Text Size

Vulture Research at Kennedy
Eric Stolen's job at NASA's Kennedy Space Center is for the birds . . . turkey vultures, to be exact.

The NASA Environmental Management Branch, in collaboration with Dynamac Corp., the Merritt Island National Wildlife Refuge, and the USDA National Wildlife Research Center, has started a project to improve our understanding of vulture populations at Kennedy.
Eric Stolen secures a vulture for tagging

Image above: Eric Stolen secures one of the many vultures his team has captured for tagging. The tags hopefully will allow biologists to study population dynamics and movement patterns during the next five years. Photo credit: NASA/Jim Grossmann
› Larger image

Team members tag vultures

Image above: Team members are tagging vultures with white-wing tags on their right wings. Each tag has a unique three-letter code that will help biologists identify the vultures. Photo credit: NASA/Jim Grossmann
› Larger image

According to Stolen, for years Kennedy has had vulture concerns, such as damage to property or defecation on bleachers and other common areas. Another concern, of course, is that the vultures can get in the way of launches and landings.

"For years there's been a desire to reduce the number of vultures at Kennedy," Stolen said. "But we have no way of knowing how many vultures live here."

So, black vultures and turkey vultures are being fitted with satellite GPS and radio transmitters, which will allow biologists to track their movements, activity patterns and habitat use.

The black vultures roost in large numbers and are considered the bigger nuisance. Turkey vultures fly at low altitudes and are the bigger risk to aircraft.

Stolen says there are two groups of vultures: old world and new world. The old world types include hawks and eagles. The new world vultures are closely related to storks. The ones we have at Kennedy are of the new world variety.

"The neat thing about new world vultures is they have a good sense of smell," Stolen said.

There currently are 30 black vultures with radio transmitters and two black vultures with satellite GPS transmitters.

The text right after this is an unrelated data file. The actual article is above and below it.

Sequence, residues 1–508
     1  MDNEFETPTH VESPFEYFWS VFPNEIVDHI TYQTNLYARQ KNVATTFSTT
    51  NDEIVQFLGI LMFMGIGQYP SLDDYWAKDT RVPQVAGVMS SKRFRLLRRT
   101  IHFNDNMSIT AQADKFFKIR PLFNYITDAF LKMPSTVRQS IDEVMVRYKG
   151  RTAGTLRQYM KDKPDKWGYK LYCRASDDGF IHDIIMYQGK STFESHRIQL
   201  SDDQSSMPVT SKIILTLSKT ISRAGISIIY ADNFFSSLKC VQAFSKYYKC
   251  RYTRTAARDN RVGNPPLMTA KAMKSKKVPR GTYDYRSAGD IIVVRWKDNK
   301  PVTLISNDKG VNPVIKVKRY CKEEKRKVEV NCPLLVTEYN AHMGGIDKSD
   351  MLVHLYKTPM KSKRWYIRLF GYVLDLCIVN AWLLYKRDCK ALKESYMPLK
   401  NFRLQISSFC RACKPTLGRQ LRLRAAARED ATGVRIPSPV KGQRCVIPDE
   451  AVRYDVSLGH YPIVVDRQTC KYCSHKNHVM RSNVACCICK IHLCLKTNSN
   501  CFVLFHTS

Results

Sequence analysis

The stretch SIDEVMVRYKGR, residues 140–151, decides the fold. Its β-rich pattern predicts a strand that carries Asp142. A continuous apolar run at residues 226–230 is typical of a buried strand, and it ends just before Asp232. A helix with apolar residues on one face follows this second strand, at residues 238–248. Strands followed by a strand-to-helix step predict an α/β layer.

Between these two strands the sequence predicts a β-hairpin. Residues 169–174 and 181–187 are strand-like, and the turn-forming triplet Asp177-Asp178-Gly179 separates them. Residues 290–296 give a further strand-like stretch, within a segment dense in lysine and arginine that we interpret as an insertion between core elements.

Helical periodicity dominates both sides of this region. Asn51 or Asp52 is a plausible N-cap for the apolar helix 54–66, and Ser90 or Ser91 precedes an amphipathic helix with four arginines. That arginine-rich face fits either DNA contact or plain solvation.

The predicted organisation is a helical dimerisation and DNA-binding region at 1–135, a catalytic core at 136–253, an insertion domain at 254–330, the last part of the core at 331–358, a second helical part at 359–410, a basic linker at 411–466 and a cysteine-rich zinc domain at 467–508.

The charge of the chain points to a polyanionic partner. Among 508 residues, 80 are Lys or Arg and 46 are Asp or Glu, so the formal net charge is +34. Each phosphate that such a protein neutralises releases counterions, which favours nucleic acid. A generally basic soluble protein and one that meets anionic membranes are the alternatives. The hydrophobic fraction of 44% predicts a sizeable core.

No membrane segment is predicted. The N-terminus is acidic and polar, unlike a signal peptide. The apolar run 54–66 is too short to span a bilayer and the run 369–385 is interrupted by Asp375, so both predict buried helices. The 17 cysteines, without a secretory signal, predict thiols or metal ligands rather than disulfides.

In addition, up to 250 vultures will be tagged with white-wing tags on their right wings, each with a unique three-letter code. These tags will allow biologists to study population dynamics and movement patterns throughout the next three to five years.

Stolen says these efforts will improve our understanding of vulture populations at Kennedy, allowing managers to better assess the risk to flight operations and other mission critical activities, as well as better manage nuisance vulture problems. The wing tags are clearly visible on perched birds and can be read using binoculars.

Report Vultures

Kennedy workers are being asked to report all sightings of tagged vultures, including:
1. Tag ID
2. Time
3. Location
4. Number of vultures
5. A brief description of the activity (e.g., roosting, loafing on the ground, feeding at a carcass)
Contact Eric Stolen at: (321) 476-4119
Email: eric.d.stolen@nasa.gov or
Mail: DYN-2
Kennedy Space Center, FL 32899.

Because of the vultures' large population at Kennedy, Stolen reiterates that the vultures are an important part of the environment we share.

"Because there are so many (vultures) in the geographic area they travel in, we are never going to eliminate them from Kennedy, we're going to have to live with them.

"We can alter our behavior much more easily than we can alter their behavior."

Frank Ochoa-Gonzales
NASA's John F. Kennedy Space Center